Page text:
Question: Relatively large eyes and large brains are characteristics of primates. How can you tell that this animal has a large brain?
Photo © by: Roy Fontaine

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9) Good grasping ability requires hands with long digits, and in many species, an opposable thumb. Primates have forelimbs that are specially adapted to grasping and holding objects — a good example is the human hand. This langur shows that some primates have a mobile big toe, which serves the same function on the foot as our thumb.

Notes: A dark colored monkey extends the right foot (in foreground). Note position of toe.
Scientific name: Presbytis cristata (silvered langur)
langur — LANG-grr
Primates usually have long fingers with an expanded area of sensitive skin at the fingertips. Many have an opposable thumb or big toe. Have students look at their own hands to observe the primate pattern.
Photo © by: Irwin Bernstein

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10) Primates don’t always live in trees. These baboons are ground-living or terrestrial. Baboons have been studied extensively in their native African habitat. They live in large and complicated social groups.

Notes: Two gelada baboons sit on the ground in their dry African habitat.
Scientific name: Theropithecus gelada
The long snout seen in baboons does not mean they rely on their sense of smell more than other monkeys. Baboons need a large jaw because they have very big teeth.
Photo © by: Stephen Gartlan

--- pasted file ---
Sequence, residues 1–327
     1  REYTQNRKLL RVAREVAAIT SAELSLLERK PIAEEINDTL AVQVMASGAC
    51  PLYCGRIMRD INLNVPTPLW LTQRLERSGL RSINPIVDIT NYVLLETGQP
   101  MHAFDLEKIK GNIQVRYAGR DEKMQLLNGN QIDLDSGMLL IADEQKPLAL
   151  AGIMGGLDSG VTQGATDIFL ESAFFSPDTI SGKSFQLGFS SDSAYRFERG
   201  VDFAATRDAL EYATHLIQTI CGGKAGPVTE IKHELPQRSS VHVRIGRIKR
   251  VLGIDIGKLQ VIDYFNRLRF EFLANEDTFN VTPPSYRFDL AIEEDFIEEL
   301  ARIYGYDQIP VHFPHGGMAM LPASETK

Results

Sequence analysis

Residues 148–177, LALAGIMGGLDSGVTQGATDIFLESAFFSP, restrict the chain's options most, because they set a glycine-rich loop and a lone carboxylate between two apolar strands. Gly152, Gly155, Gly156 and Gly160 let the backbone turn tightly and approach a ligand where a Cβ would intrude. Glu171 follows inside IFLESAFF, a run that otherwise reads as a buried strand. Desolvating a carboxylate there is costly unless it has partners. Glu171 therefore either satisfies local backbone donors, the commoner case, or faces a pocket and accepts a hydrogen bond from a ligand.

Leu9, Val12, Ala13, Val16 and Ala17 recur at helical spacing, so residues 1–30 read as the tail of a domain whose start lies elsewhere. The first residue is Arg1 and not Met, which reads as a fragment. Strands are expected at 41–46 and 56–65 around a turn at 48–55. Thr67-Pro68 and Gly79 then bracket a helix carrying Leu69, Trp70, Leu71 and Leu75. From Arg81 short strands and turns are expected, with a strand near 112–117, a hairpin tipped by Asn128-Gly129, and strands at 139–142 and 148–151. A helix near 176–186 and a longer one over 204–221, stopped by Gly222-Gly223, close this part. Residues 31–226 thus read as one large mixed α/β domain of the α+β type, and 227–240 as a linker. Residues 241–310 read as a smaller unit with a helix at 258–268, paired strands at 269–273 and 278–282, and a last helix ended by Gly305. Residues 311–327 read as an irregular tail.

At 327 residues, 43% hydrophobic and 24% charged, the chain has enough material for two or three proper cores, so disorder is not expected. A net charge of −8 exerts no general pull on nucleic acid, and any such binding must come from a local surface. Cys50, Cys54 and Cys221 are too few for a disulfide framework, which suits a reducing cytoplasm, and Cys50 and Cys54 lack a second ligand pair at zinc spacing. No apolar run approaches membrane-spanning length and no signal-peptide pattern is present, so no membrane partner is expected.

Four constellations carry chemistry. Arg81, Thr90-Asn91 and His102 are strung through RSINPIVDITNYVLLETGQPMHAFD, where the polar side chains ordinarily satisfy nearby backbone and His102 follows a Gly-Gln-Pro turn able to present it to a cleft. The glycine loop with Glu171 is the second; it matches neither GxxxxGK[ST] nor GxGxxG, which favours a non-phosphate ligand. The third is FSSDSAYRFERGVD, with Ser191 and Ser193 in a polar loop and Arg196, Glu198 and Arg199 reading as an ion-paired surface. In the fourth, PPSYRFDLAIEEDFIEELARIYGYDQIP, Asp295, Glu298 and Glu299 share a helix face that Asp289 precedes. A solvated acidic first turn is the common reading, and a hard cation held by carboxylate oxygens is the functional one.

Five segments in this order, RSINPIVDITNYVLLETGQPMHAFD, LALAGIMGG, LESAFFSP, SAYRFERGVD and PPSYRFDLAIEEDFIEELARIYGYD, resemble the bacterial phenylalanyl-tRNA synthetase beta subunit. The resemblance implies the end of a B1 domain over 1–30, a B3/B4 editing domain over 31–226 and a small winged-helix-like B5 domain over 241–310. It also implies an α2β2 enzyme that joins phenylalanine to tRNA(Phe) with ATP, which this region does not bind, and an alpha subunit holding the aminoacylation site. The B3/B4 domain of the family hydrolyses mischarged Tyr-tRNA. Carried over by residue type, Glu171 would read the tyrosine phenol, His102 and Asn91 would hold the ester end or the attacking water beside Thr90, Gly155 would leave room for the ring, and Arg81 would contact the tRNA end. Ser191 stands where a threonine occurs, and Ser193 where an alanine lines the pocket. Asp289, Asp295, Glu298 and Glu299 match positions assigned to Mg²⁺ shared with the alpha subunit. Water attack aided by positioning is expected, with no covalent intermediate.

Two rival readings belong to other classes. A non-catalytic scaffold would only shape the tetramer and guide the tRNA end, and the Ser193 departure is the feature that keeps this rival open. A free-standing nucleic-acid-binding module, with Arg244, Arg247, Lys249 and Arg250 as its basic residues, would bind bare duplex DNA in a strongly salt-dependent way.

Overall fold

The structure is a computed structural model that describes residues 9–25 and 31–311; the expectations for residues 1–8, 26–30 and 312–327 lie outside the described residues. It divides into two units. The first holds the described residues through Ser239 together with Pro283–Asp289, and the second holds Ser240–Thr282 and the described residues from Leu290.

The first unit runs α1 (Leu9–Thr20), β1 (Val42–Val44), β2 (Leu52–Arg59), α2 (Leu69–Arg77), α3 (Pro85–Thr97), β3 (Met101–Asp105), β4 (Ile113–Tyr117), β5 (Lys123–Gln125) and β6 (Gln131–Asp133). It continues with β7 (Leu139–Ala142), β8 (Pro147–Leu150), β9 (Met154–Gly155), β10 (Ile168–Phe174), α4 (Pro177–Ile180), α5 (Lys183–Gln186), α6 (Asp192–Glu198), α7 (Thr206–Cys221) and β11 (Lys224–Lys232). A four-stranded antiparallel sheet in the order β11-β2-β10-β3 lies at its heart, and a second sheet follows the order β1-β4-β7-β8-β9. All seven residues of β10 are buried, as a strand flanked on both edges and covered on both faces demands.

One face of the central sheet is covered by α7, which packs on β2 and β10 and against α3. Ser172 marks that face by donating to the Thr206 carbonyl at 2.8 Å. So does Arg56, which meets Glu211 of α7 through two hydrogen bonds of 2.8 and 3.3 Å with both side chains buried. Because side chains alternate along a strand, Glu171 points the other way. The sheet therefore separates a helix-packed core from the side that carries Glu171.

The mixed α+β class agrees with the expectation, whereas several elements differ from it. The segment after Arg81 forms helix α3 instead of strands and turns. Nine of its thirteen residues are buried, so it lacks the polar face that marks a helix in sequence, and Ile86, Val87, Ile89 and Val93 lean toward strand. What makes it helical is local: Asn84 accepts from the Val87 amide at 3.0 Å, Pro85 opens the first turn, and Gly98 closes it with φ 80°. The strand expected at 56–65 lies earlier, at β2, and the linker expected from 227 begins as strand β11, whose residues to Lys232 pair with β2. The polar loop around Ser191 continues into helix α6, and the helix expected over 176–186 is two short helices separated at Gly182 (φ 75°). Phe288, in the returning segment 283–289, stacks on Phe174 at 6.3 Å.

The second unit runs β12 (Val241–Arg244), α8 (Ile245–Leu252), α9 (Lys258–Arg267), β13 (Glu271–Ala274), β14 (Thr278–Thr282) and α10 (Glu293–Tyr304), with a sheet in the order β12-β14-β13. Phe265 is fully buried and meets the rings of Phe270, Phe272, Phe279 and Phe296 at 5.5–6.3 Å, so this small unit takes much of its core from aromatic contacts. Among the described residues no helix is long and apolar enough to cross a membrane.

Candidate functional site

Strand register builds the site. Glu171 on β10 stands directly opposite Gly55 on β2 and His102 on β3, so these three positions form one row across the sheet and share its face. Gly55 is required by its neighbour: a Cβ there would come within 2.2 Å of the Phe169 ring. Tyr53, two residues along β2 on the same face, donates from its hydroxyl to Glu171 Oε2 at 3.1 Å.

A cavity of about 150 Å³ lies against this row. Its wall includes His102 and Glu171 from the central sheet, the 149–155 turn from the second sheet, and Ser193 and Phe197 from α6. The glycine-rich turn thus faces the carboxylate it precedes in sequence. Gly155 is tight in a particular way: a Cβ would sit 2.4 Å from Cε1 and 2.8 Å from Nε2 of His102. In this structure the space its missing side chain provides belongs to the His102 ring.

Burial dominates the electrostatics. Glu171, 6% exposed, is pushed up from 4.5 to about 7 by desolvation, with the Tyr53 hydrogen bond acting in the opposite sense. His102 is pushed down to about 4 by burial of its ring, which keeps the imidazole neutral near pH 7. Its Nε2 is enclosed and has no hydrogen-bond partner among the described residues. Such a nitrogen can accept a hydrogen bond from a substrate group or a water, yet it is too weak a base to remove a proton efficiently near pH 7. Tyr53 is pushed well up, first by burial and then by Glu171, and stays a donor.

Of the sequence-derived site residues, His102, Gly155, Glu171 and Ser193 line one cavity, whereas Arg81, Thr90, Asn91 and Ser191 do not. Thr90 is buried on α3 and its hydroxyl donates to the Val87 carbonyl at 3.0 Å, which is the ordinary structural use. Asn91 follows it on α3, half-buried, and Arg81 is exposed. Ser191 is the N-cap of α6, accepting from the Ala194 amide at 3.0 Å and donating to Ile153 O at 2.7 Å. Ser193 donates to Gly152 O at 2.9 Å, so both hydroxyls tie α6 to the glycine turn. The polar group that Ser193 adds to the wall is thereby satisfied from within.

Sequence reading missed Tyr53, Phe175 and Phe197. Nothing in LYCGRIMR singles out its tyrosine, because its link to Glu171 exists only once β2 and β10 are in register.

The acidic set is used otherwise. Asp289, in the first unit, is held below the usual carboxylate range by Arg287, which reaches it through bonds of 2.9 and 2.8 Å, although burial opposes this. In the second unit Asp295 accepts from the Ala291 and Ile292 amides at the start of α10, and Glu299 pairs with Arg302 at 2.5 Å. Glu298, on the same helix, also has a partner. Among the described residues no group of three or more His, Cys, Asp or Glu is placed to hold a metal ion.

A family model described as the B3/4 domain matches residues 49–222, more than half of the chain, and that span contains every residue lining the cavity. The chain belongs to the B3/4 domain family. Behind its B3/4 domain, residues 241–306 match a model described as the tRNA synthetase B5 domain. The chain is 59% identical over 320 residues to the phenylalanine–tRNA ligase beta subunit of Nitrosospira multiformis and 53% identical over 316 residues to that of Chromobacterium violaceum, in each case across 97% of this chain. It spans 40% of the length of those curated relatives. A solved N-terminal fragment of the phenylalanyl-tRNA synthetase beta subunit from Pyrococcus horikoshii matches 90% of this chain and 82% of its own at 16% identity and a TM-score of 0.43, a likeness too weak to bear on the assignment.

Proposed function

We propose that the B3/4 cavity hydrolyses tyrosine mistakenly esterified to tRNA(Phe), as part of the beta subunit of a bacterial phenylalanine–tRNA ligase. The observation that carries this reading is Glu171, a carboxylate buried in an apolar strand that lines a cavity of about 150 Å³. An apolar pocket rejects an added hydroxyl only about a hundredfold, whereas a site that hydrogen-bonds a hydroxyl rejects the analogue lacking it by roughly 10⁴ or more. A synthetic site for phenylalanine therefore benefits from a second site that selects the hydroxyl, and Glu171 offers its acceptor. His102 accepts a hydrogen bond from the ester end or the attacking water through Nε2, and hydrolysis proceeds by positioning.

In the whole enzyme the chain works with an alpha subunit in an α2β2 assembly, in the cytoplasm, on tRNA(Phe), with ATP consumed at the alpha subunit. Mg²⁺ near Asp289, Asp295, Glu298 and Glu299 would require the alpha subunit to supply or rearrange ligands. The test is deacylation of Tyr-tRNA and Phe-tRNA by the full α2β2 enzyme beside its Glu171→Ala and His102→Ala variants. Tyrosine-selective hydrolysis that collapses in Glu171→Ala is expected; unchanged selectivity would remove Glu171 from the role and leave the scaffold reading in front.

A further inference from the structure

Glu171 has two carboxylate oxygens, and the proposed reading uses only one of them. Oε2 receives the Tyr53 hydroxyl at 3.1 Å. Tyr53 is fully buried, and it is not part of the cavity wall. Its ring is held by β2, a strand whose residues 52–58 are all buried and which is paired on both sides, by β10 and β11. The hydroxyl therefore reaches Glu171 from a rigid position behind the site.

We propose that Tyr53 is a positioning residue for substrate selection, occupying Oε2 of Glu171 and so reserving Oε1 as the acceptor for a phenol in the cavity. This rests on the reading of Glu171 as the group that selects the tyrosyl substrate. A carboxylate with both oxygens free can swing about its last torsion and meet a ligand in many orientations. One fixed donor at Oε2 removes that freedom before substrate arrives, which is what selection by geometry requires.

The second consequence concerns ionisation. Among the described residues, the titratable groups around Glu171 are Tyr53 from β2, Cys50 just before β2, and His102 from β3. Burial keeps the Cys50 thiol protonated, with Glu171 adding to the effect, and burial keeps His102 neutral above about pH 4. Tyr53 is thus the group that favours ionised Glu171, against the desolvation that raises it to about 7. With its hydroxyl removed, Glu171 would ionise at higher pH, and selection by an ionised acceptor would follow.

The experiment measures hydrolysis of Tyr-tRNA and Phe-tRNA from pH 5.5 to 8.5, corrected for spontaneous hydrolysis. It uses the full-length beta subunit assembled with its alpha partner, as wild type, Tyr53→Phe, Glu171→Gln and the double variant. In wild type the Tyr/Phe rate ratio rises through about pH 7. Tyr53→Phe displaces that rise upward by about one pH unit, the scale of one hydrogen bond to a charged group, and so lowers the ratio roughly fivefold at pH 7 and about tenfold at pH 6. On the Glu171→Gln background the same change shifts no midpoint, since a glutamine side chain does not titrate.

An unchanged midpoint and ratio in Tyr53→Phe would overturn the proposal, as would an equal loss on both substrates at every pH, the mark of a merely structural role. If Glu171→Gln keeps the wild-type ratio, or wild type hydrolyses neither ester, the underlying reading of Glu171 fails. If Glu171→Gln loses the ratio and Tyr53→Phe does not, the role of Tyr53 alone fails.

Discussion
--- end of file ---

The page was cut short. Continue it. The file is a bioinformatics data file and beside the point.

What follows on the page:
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11) Primates are social animals. Although some males, like this baboon, may spend time alone as they move between groups, all primates spend most of their life in a social group.

Notes: A baboon walking in a grassy enclosure.
Scientific name: Papio anubis (Olive baboon)
Photo © by: Laura L. McMahon

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12) Primates, whether they live on the ground or above it, rely on sight more than smell to explore their environment. Grasping hands, feet, and in some cases, tails, are used in moving through the habitat and obtaining food.

Notes: A red howler monkey uses his tail to climb up a tree in a South American rain forest.
Scientific name: Alouatta seniculus
This text recaps some of the features that define the primates.
Photo © by: Roy Fontaine

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13) Some of the New World monkey species, such as this spider monkey, are able to use their tails as a weight-supporting limb. These prehensile or grasping tails are very useful for animals who spend their lives far above the ground.

Notes: A spider monkey hangs by her tail.
Scientific name: Ateles geoffroyi (Geoffroy’s spider monkey)
Photo © by: Roy Fontaine

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14) Being able to hang by the tail leaves this howler monkey’s hands free to forage among the leaves for food.

Notes: A mantled howler monkey from South America uses his tail and legs to hang in a ‘reverse tripod’ position in a tree.
Scientific name: Alouatta palliata
Photo © by: Roy Fontaine

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15) Tails are not necessary for successful life in the trees. All apes lack tails, but this gibbon is able to rapidly move from tree to tree using an arm-over-arm method of swinging called brachiation.

Notes: A gibbon hangs by the arms from a rope and branch; this photo was taken in a zoo enclosure.
Scientific name: Hylobates lar
Photo © by: Columbus Zoo

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16) Other apes, such as this chimpanzee, spend much of their time on the ground.